In 1889 Vano left for Russia where he was engaged as an opera conductor. His post of church organist was taken over by Zakaria who now had to support the entire family; as a result, he had no opportunity to continue his musical education.[9]

in 1874 on the initiative of singer Kharlamphy Savaneli, pianists Aloizy Mizandari and Konstantin Alikhanov, the first musical school in Georgia was founded in Tbilisi. The Tbilisi Musical School was reorganised into the Tbilisi Branch of the Russian Royal Musical Society with the statue of a musical college. This was carried out with the active assistance of Mikhail Mikhailovich Ippolitov-Ivanov, a well-known Russian composer, conductor and educationalist (worked in Tbilisi in (1882–1893).

Zakaria Paliashvili's cherished dream came true only in 1891 when he was admitted to the french horn class under F.F. Parizek. A year later, when Parizek left the school, Zakaria continued to study under A.I. Mosko. Paliashvili graduated from the French horn class in 1895 and in the same year was admitted to the musical theory class which was conducted by Nikolai Semenovich Klenovsky, a Russian conductor, composer and teacher. Apart from this, Zakaria studied with Ippolitov-Ivanov and music critic Vasili Davidovich Korganov.[10]

Zakaria Paliashvili graduated from the school with honour diploma in the spring of 1899.During his school years he had founded a mixed choir factory and office workers which performed Georgian and Russian folk songs for workers. In 1898 Paliashvili conducted his choir in Gyandja and had a tremendous success.

While studying in Klenovsky's class Paliashvili wrote several piecevs and this aroused in him an indomitable desire for further composition.

Following and exchange of letters with Sergei Ivanovich Taneyev (1856–1915), a Russian composer and teacher, Zakaria Paliashvili went to Moscow towards the end of August 1900. After taking his entry examinations he became a pupil in the class of counterpoint at the Moscow Conservatorie. Three years of study with Professor Taneyev, an expert in polyphony, enriched Paliashvili with fundamental knowlage and facilitated his maturing into a professional composer.[11]

Of great importance for the broadening of his musical outlook was his favourite composers: Glinka, Borodin, Rimsky-Korsakov and Tchaikovsky as well as listening to operas at the Bolshoi theatre and symphonic concerts at the Conservatorie, the Club of the Nobility and other concert halls. He studiet with great interest the compositions of the great masters of the world musical culture: Mozart, Beethoven, Schubert, Chopin, Verdi, Grieg and later wrote fundamental articles on them.[12]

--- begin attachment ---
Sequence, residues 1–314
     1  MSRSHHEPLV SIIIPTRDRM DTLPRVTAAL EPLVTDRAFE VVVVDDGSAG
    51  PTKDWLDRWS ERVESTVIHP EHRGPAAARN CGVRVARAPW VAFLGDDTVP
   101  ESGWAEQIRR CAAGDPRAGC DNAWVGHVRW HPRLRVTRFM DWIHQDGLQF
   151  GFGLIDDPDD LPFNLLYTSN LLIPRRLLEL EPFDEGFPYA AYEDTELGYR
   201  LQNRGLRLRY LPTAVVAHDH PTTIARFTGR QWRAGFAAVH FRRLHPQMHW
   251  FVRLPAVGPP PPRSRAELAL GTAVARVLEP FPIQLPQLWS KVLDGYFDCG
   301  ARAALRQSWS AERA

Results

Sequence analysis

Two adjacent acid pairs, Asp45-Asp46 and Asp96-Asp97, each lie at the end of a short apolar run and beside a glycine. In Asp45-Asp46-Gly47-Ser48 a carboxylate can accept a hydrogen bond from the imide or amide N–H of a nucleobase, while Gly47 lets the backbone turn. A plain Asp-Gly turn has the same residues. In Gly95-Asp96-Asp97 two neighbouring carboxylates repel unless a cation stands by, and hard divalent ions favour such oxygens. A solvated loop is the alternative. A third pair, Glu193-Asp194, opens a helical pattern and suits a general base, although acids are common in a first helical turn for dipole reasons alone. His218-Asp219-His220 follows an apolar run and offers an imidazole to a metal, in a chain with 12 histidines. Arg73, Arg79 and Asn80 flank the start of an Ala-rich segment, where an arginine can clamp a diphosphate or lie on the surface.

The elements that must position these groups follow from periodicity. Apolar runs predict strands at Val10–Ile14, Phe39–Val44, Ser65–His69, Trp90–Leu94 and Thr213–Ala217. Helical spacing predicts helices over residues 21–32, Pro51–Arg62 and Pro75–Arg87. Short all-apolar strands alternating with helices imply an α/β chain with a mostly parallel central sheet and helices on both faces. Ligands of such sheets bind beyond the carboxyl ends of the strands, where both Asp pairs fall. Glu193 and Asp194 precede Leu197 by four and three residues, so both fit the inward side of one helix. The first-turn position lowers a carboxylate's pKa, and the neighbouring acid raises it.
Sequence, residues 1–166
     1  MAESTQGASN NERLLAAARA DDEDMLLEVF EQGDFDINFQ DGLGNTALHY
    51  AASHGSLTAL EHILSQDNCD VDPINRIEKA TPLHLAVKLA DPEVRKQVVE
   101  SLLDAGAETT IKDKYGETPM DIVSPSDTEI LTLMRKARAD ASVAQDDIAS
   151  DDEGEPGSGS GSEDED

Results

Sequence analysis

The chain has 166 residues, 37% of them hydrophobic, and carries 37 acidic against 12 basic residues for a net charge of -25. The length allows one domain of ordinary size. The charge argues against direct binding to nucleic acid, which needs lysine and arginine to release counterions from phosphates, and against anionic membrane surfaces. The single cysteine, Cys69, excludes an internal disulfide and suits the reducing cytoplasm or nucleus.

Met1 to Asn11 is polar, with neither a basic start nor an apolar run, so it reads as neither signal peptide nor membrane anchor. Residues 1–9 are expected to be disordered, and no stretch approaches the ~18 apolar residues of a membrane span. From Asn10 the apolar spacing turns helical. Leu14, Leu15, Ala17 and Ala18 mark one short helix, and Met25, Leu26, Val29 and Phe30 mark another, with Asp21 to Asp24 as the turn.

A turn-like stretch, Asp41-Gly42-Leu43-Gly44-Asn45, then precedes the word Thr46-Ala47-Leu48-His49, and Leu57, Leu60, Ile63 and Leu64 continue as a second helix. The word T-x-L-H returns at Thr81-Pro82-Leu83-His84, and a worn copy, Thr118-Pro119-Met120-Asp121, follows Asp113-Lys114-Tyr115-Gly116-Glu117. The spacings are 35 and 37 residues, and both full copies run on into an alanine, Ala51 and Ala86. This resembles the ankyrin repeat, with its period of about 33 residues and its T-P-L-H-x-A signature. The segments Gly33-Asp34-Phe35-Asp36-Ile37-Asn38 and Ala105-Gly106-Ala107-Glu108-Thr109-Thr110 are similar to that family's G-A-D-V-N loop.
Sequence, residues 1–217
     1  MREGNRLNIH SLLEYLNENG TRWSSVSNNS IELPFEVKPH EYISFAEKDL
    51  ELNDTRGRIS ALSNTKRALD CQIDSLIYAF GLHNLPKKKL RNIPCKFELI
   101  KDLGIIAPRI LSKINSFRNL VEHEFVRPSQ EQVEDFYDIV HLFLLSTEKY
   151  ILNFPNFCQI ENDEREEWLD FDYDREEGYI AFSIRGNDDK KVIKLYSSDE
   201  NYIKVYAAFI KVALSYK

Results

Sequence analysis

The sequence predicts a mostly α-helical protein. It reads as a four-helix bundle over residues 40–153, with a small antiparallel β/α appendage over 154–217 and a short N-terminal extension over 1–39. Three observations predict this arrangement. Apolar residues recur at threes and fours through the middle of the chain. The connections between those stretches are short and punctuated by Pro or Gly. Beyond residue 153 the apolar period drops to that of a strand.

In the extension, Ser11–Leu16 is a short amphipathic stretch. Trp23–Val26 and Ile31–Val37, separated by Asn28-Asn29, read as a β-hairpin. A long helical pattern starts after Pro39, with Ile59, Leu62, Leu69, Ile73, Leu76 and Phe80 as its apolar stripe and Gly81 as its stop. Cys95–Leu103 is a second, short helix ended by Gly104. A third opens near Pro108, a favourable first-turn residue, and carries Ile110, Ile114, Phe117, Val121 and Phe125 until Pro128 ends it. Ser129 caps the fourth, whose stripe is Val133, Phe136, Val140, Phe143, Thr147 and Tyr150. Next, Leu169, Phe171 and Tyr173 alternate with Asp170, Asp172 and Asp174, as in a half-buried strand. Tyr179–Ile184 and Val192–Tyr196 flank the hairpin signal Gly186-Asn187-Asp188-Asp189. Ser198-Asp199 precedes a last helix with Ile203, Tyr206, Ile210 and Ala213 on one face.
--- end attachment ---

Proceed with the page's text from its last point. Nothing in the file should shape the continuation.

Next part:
As a pupil of the Moscow Conservatory in 1901, Zakaria Paliashvili made his first trip through Georgia to collect folksong material. He recorded remarkable speciments of Georgian songs. This work laid the foundation for Paliashvili's folklorist activity.

Towards the end of June 1903 Paliashvili completed his studies under Taneyev. Together with his young wife Julia Mikhailovna Utkina, Zakaria Paliashvili returned to Georgia to put into practice the knowlage gained in Russia. In autumn of 1903, Paliashvili began teaching at the Tbilisi High School for the nobility, where he had a singing class and also conducted the choir and orchestra, founded by him. Zakaria was a strict and uncompromising teacher. He demanded full accuracy of intonation and precision of rhythm for every pupil-member of his choir or orchestra. He made such big progress in this field, that the school choir and orchestra soon began giving public concerts. The press called this "a triumph of the gifted maestro" and said, tha the "choir and orchestra were brought to an evinous standard even for a musical school". A number of personalities who later on distinguished themselves in the Georgian Soviet musical culture (Composers: I. Tuskia, G Kiladze, S. Taktakishvili, V. Gokiely, A. Andriashvili; music critics: S. Aslanishvili, G. Chkhikvadze; Violinist L. Yashvili and others) had their first inspiring contact with music in this school, attending Z. Paliashvili's class. Violinist Andrei Karashvili and composer Zakaria Chkhikvadze worked at the same high school, where they conducted musical classes.[13]

In 1906, using a piano piece by A. Karashvili ("Sazandary") as a point of departure, Paliashvili composed a profoundly patriotic song "Samshoblo", which became popular throughout Georgia.[14]

In 1904 Paliashvili was invited to head the teaching of theoretical subjects at the Tbilisi Musical Collage. Besides instructing classes in solfeggio, harmony and orchestration, he conducted pupils' choir and orchestra, the public performances of which were invariably successful.